I have been reviewing albums that somehow slipped under the radar but are worthy of widespread attention. Freudiana keeps in that vein, to a degree. It was only released in Europe and is now out of print, and it’s something of a collector’s item. The CD can be found on eBay, fetching an obscene amount. Its popularity is touted by the fact that it is mistakenly called the “lost Alan Parsons Project album.” Well, yes and no.
Alan Parsons and musical partner Eric Woolfson began work on their follow-up to 1987’s Gaudi, a concept album based on Sigmund Freud. The same musicians were used, Woolfson wrote the songs, Andrew Powell did the orchestration, and Parsons produced it, so in that respect it’s essentially an Alan Parsons Project album. However, during the time between Gaudi and the recording of Freudiana, Woolfson started leaning towards writing music for the stage, and this eventually lead to the end of Woolfson’s and Parsons’ partnership, and with it the Alan Parsons Project. The resulting album was released as Freudiana in 1990, with no indication of the band on the album. Freudiana is a soundtrack for Woolfson’s stage musical about Freud, but it also works well as a concept album, as the Alan Parsons Project was known for.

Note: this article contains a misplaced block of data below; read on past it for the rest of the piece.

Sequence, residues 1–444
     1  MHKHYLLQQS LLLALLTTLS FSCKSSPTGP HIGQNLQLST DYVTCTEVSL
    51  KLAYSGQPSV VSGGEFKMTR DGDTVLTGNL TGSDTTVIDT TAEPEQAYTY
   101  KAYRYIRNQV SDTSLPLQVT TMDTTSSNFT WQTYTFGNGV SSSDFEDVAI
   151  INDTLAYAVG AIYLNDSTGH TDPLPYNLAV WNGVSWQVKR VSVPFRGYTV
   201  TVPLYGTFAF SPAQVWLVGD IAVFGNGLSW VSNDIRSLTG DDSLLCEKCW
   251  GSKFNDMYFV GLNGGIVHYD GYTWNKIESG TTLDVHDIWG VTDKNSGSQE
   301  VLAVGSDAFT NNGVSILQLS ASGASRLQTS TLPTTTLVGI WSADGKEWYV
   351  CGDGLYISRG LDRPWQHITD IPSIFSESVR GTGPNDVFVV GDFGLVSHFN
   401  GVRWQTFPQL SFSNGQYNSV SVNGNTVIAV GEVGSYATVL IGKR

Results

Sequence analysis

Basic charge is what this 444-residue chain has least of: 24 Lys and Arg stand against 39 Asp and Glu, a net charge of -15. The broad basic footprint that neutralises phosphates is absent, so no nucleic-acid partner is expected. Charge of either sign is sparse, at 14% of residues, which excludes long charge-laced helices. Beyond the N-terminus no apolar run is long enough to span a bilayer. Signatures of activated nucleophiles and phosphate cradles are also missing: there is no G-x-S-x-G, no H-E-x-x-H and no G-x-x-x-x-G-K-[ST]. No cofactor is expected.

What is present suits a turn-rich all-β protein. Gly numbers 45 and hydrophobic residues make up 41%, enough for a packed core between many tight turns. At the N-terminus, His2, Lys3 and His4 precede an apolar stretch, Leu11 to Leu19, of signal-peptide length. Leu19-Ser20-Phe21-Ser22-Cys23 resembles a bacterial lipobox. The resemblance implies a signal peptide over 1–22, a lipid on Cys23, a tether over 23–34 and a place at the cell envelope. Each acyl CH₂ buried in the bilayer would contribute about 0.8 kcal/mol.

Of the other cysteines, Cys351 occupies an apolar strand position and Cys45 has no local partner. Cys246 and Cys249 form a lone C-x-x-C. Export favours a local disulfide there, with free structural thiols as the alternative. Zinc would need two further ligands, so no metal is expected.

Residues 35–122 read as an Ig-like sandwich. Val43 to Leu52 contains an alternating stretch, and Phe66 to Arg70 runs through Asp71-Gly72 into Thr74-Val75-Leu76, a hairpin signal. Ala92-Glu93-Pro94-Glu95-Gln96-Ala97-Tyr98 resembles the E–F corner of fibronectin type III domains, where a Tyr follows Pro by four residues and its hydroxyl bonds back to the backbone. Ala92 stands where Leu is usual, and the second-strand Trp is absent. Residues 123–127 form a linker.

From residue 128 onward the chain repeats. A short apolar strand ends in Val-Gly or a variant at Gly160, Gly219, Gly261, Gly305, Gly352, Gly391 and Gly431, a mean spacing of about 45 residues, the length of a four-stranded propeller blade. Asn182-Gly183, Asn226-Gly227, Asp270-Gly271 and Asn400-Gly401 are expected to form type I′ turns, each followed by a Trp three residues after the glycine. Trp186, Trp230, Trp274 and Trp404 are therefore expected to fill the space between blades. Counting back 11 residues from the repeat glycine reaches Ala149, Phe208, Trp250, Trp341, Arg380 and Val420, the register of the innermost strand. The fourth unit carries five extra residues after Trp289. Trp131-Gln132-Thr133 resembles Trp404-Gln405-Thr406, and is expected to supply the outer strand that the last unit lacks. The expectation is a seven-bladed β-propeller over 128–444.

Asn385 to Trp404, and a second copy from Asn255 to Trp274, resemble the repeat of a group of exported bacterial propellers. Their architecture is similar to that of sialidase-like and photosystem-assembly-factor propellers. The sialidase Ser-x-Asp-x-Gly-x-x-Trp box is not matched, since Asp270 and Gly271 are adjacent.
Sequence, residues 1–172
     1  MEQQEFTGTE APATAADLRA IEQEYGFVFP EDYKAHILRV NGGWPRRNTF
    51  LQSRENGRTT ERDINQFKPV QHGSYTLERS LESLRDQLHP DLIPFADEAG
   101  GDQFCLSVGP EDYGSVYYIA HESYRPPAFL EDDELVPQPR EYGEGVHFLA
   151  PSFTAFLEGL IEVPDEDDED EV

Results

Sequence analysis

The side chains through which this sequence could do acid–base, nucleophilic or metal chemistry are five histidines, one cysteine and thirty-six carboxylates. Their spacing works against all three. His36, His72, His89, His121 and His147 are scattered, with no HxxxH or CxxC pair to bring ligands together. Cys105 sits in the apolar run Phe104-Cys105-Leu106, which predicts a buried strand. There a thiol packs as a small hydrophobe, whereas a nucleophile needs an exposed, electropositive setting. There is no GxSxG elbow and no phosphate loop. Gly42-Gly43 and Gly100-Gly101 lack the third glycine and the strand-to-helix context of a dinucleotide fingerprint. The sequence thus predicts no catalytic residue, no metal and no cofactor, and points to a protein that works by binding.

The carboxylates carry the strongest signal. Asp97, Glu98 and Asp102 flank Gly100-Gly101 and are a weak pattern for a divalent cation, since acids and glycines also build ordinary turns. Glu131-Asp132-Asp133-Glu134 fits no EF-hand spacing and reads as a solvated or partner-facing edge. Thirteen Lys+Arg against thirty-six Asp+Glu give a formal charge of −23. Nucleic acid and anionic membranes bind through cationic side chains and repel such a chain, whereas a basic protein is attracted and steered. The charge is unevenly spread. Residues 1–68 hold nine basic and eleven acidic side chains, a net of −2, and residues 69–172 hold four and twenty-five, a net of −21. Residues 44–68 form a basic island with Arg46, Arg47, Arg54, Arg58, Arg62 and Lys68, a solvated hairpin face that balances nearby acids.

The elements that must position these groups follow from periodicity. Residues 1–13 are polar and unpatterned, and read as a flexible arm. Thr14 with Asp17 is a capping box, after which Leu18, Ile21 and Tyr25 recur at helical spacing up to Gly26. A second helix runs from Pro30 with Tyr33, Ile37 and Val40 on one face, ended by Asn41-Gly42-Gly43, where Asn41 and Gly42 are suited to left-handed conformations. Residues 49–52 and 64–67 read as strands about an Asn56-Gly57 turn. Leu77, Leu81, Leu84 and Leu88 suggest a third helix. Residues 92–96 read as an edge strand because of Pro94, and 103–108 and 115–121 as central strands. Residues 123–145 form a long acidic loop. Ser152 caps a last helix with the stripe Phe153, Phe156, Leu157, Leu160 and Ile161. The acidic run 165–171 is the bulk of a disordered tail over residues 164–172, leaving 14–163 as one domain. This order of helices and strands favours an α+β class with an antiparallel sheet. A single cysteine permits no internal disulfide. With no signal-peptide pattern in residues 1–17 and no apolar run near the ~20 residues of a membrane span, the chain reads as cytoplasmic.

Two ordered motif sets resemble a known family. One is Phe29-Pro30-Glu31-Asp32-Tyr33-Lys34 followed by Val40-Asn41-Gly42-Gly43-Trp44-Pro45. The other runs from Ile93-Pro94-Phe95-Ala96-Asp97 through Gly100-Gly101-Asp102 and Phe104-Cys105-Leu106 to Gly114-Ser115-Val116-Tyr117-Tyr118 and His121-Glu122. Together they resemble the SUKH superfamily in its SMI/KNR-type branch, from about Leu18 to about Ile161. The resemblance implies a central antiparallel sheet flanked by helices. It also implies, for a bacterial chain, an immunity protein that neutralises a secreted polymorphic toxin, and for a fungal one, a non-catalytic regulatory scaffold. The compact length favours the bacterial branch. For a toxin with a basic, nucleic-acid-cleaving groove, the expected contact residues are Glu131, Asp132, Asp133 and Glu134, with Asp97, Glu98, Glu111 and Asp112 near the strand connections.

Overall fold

The production is slick and flawless, as one would expect from anything Alan Parsons does. As on past albums, Parsons uses different vocalists (including Eric Woolfson), which gives the album a variety.. British comedian Frankie Howerd even provides tongue-in-cheek vocals to a song called “Sects Therapy,” one of Woolfson’s songs better suited for the stage than an Alan Parsons Project album. Freudiana ranks beside other Alan Parsons Project albums.
Freudiana was the last collaboration between Parsons and Woolfson to date. Parsons went on to make other albums without Woolfson that are very much like the Alan Parsons Project. Woolfson followed his dream of writing musicals and gained fame in Europe. Woolfson even expanded upon the first Alan Parsons Album, a concept album about Edgar Allan Poe (Tales of Mystery and Imagination), with his own album, Poe.